Background: Carpal tunnel release is the most common upper-limb surgical procedure performed annually in the U.S. There are 2 surgical methods of carpal tunnel release: open or endoscopic. Currently, there is no clear clinical or economic evidence supporting the use of one procedure over the other. We completed a cost-minimization analysis of open and endoscopic carpal tunnel release, testing the null hypothesis that there is no difference between the procedures in terms of cost.
Methods: We conducted a retrospective review using a private-payer and Medicare Advantage database composed of 16 million patient records from 2007 to 2014. The cohort consisted of records with an ICD-9 (International Classification of Diseases, Ninth Revision) diagnosis of carpal tunnel syndrome and a CPT (Current Procedural Terminology) code for carpal tunnel release. Payer fees were used to define cost. We also assessed other associated costs of care, including those of electrodiagnostic studies and occupational therapy. Bivariate comparisons were performed using the chi-square test and the Student t test.
Results: Data showed that 86% of the patients underwent open carpal tunnel release. Reimbursement fees for endoscopic release were significantly higher than for open release. Facility fees were responsible for most of the difference between the procedures in reimbursement: facility fees averaged $1,884 for endoscopic release compared with $1,080 for open release (p < 0.0001). Endoscopic release also demonstrated significantly higher physician fees than open release (an average of $555 compared with $428; p < 0.0001). Occupational therapy fees associated with endoscopic release were less than those associated with open release (an average of $237 per session compared with $272; p = 0.07). The total average annual reimbursement per patient for endoscopic release (facility, surgeon, and occupational therapy fees) was significantly higher than for open release ($2,602 compared with $1,751; p < 0.0001).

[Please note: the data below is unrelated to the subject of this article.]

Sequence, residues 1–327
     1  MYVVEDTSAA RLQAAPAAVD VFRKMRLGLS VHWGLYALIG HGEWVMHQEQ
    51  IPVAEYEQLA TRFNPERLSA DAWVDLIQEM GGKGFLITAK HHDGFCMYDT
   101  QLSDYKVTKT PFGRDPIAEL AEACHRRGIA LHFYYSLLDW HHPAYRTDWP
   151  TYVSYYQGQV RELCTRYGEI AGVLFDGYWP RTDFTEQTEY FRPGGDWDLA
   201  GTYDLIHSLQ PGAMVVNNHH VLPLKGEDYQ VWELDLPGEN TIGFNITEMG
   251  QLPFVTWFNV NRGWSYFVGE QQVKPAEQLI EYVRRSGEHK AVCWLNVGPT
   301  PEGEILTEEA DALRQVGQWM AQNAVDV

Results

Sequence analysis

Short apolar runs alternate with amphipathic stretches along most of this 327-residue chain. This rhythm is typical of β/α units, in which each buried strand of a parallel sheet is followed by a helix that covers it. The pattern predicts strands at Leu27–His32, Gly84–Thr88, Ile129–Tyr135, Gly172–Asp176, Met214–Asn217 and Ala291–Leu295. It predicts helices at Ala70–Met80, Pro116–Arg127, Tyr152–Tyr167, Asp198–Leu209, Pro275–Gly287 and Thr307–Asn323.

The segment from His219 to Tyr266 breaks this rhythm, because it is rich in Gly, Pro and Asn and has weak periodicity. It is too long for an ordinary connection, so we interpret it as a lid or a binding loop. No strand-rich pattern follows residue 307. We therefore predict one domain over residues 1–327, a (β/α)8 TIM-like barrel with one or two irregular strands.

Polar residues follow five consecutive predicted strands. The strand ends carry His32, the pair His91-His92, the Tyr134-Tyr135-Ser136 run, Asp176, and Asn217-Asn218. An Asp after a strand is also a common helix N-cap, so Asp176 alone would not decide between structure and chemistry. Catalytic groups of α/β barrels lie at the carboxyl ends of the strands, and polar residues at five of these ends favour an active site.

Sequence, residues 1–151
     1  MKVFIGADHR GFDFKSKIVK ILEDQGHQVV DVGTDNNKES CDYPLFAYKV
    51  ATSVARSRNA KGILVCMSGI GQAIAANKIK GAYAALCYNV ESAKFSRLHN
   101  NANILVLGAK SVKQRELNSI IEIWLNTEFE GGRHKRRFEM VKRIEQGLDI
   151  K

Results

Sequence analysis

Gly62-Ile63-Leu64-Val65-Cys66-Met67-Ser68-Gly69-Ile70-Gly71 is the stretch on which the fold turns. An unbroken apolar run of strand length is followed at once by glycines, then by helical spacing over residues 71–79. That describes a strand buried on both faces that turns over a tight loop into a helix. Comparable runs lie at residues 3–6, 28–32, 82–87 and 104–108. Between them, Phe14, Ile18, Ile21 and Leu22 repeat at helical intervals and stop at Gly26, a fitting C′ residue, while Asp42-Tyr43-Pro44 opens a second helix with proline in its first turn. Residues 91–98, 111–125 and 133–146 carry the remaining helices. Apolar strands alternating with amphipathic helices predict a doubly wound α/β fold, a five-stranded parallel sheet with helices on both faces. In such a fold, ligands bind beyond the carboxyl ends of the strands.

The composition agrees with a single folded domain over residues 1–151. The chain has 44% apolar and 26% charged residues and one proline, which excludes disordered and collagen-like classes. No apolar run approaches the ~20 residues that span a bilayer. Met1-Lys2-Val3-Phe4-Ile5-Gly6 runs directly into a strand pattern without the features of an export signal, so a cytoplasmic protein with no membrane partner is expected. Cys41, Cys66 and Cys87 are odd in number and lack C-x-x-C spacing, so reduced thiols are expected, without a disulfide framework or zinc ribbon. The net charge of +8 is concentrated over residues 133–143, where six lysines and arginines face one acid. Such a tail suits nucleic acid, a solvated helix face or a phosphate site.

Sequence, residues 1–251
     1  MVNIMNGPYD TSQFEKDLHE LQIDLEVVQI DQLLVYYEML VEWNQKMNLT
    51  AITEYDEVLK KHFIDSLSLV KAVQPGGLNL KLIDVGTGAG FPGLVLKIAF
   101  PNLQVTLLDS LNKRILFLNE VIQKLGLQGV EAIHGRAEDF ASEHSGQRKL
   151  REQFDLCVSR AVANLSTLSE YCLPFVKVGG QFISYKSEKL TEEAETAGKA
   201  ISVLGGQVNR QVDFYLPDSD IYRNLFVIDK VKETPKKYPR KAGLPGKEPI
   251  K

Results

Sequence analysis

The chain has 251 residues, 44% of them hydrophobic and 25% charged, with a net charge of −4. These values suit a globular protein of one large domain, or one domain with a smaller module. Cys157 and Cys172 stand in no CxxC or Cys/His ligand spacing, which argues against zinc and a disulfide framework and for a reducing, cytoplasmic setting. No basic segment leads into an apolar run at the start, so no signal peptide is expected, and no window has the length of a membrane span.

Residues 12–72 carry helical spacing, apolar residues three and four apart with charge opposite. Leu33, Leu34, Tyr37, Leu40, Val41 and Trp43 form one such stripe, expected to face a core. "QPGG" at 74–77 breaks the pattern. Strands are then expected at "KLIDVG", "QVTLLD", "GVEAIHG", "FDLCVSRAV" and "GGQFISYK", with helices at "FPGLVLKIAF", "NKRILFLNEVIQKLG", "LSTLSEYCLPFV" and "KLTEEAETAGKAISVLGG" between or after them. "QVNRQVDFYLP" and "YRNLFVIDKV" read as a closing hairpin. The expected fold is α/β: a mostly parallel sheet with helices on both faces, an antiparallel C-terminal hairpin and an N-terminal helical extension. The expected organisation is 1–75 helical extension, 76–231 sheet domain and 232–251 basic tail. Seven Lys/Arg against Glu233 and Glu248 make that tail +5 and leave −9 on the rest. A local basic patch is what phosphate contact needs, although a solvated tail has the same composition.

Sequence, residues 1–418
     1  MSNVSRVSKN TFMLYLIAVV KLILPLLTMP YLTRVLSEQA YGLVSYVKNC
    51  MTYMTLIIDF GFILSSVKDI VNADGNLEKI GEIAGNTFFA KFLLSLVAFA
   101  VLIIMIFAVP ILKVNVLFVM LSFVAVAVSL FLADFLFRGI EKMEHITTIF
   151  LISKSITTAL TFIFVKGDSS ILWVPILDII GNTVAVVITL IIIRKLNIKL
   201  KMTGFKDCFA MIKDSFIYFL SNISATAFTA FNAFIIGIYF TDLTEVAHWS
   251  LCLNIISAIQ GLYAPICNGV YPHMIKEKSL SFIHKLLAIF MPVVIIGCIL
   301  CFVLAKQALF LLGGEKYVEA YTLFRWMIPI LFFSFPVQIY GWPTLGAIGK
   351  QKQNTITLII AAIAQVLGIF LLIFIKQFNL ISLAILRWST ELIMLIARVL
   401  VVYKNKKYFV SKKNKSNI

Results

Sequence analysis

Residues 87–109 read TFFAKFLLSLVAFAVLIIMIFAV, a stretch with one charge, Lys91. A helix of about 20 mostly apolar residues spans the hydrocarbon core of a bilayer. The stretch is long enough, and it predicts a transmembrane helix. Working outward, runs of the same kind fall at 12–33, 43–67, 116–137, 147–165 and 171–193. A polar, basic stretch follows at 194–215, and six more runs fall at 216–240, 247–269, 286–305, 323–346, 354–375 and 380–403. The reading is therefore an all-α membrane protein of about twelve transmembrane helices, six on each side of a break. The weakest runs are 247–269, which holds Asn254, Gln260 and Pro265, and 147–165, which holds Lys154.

Conclusions: Our data showed that the total average fees per patient for endoscopic release were significantly higher than those for open release, although there currently is no strong evidence supporting better clinical outcomes of either technique.
Clinical Relevance: Value-based health-care models that favor delivering high-quality care and improving patient health, while also minimizing costs, may favor open carpal tunnel release.
1Stanford University School of Medicine, Stanford, California
2Boston University, Boston, Massachusetts
3Center for Health Care Evaluation, VA Palo Alto Health Care System, Menlo Park, California
4Department of Health Research and Policy, Stanford University, Stanford, California
5Department of Plastic and Reconstructive Surgery, Stanford University School of Medicine, Stanford, California
6Department of Orthopaedic Surgery, Stanford University School of Medicine, Stanford, California
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